Most employees not receiving retirement investment advice
An increasing number of employees want personalized, on-demand retirement advice that’s offered through digital channels, especially in an age where more than half of workers (53%) don’t receive any advice on their retirement investments, according to a new study from Betterment for Business.
Workers are looking to receive advice “as often as a question arises”” through channels like email and 1:1 sessions, according to “the State of Consumer Retirement Advice” report. They also want access to employer educational materials and digital resources, says the technology-led 401(k) provider.
Across generations, the report found that millennials expressed the most interest in frequent communications and tend to be the age group saving the most, says Thomas E. Clark Jr., an ERISA and business litigation attorney at the Boston-based Wagner Law Group.
Although employees aren’t receiving advice, they still trust their financial advisers even in the wake of the public discussion of the Department of Labor fiduciary rule. About two in five employees (42%) could identify the term “fiduciary” and one in five employees thought the terms “fiduciary” and “financial adviser” are synonymous, according to the report.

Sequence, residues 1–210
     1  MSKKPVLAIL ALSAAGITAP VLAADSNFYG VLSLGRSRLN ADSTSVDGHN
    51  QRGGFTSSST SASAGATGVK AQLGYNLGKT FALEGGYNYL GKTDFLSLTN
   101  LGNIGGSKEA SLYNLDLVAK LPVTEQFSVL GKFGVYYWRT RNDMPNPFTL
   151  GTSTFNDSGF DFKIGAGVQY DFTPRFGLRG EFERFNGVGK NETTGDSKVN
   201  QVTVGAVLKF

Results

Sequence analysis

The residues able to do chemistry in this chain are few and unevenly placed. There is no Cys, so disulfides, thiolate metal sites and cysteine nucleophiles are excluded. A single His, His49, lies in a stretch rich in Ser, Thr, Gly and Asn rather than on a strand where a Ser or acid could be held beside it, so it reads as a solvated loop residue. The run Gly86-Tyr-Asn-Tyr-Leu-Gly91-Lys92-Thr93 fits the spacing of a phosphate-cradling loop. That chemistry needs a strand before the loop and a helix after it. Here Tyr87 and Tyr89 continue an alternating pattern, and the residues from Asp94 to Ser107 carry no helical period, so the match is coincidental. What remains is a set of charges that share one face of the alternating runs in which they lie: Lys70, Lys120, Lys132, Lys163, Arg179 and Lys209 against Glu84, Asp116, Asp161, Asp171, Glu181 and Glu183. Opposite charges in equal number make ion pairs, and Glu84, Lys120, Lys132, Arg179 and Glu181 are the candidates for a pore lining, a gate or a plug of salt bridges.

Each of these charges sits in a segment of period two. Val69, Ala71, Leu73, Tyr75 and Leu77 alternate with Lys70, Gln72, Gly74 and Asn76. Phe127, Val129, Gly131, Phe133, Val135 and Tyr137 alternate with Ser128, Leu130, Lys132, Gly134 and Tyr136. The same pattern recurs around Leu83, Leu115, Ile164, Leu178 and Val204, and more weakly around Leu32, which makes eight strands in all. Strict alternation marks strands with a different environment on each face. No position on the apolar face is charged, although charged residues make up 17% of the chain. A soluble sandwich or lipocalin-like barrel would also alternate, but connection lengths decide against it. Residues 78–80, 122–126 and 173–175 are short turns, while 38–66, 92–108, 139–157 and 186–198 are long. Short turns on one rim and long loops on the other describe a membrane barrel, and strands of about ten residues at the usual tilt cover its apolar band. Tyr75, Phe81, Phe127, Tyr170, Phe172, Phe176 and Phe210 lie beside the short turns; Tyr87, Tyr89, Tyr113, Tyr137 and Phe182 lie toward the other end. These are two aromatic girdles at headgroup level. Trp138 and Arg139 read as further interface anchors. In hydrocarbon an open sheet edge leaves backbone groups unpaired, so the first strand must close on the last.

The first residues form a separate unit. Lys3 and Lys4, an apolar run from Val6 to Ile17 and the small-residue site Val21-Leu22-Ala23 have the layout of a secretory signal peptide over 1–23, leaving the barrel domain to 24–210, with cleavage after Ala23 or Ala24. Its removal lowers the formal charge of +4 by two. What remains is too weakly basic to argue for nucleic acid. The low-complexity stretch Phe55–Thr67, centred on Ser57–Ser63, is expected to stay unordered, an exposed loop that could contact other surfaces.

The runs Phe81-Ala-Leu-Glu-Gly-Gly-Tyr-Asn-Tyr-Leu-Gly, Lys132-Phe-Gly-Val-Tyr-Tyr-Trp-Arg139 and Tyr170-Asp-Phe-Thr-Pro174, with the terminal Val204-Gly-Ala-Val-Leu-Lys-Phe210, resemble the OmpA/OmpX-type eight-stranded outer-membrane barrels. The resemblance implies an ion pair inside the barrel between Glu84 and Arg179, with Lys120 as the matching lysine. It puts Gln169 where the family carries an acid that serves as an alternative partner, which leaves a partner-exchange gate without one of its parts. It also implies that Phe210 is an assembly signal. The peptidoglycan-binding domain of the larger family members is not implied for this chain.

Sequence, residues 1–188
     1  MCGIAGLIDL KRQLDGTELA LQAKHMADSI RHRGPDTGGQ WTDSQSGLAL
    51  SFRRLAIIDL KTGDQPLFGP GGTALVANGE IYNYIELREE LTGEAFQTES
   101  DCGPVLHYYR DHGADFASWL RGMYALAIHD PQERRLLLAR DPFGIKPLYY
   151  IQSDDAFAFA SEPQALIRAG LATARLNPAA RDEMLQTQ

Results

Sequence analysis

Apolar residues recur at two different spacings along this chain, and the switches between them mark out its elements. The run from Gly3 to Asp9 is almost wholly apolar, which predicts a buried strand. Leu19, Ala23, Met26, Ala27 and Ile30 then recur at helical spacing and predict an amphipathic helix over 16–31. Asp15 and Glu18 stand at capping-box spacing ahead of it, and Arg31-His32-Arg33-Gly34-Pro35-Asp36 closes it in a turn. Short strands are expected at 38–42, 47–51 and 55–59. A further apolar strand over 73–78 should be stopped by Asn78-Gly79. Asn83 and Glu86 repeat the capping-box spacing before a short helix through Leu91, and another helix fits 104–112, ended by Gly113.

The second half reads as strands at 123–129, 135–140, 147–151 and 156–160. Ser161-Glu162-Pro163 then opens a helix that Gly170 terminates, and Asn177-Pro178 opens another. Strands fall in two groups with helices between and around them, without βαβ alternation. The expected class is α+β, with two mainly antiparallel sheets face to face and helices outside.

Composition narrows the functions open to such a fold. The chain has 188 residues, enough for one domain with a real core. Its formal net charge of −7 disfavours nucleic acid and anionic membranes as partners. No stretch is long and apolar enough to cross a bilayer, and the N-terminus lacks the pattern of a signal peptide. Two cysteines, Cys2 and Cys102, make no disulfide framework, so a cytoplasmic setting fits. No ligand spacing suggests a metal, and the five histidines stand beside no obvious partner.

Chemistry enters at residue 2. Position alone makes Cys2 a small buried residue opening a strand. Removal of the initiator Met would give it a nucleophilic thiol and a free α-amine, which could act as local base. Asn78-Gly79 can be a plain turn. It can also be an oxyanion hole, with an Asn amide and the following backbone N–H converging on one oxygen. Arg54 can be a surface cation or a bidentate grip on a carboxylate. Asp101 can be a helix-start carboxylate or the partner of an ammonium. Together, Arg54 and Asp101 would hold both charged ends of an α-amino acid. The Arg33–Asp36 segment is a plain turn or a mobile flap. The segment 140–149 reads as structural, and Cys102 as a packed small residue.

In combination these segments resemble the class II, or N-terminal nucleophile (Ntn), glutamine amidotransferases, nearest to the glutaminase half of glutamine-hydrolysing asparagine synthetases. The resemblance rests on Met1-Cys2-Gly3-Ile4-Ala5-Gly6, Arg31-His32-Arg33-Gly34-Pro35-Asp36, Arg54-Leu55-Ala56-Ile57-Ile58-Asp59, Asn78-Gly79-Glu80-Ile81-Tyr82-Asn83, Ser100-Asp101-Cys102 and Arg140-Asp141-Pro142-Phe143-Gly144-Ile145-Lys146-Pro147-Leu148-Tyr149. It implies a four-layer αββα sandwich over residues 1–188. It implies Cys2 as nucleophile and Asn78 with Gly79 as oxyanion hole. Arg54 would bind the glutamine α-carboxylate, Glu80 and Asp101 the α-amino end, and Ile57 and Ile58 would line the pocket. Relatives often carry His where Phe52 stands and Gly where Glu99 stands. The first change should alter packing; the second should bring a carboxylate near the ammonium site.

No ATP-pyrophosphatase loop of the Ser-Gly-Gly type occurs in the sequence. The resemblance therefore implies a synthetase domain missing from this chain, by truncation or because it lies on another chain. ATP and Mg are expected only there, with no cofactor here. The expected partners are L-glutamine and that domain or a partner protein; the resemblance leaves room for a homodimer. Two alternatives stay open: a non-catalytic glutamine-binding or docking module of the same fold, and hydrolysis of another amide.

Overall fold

Of those workers who are aware of the Labor Department’s rule, 84% have not taken action, such as asking their adviser if they are a fiduciary.
“The recent fiduciary ruling developments have spurred conversation around what credible advice should look like, and many advocates of the rule have hoped that investors would demand accountability from their financial professionals,” says Betterment CEO Jon Stein. “All savers have the right to sound, reliable and personalized advice on their retirement investments, and as people demand and exercise that right, retirement outcomes can improve.”
The online survey, conducted by Market Cube in 2017, polled 1,051 employees who contribute to a 401(k) plan at small and mid-sized companies.
The report also found that behavioral nudges, such as starting employees at 6% and escalating contributions by 1% each year, would effectively place employees on the path of least resistance to retirement readiness.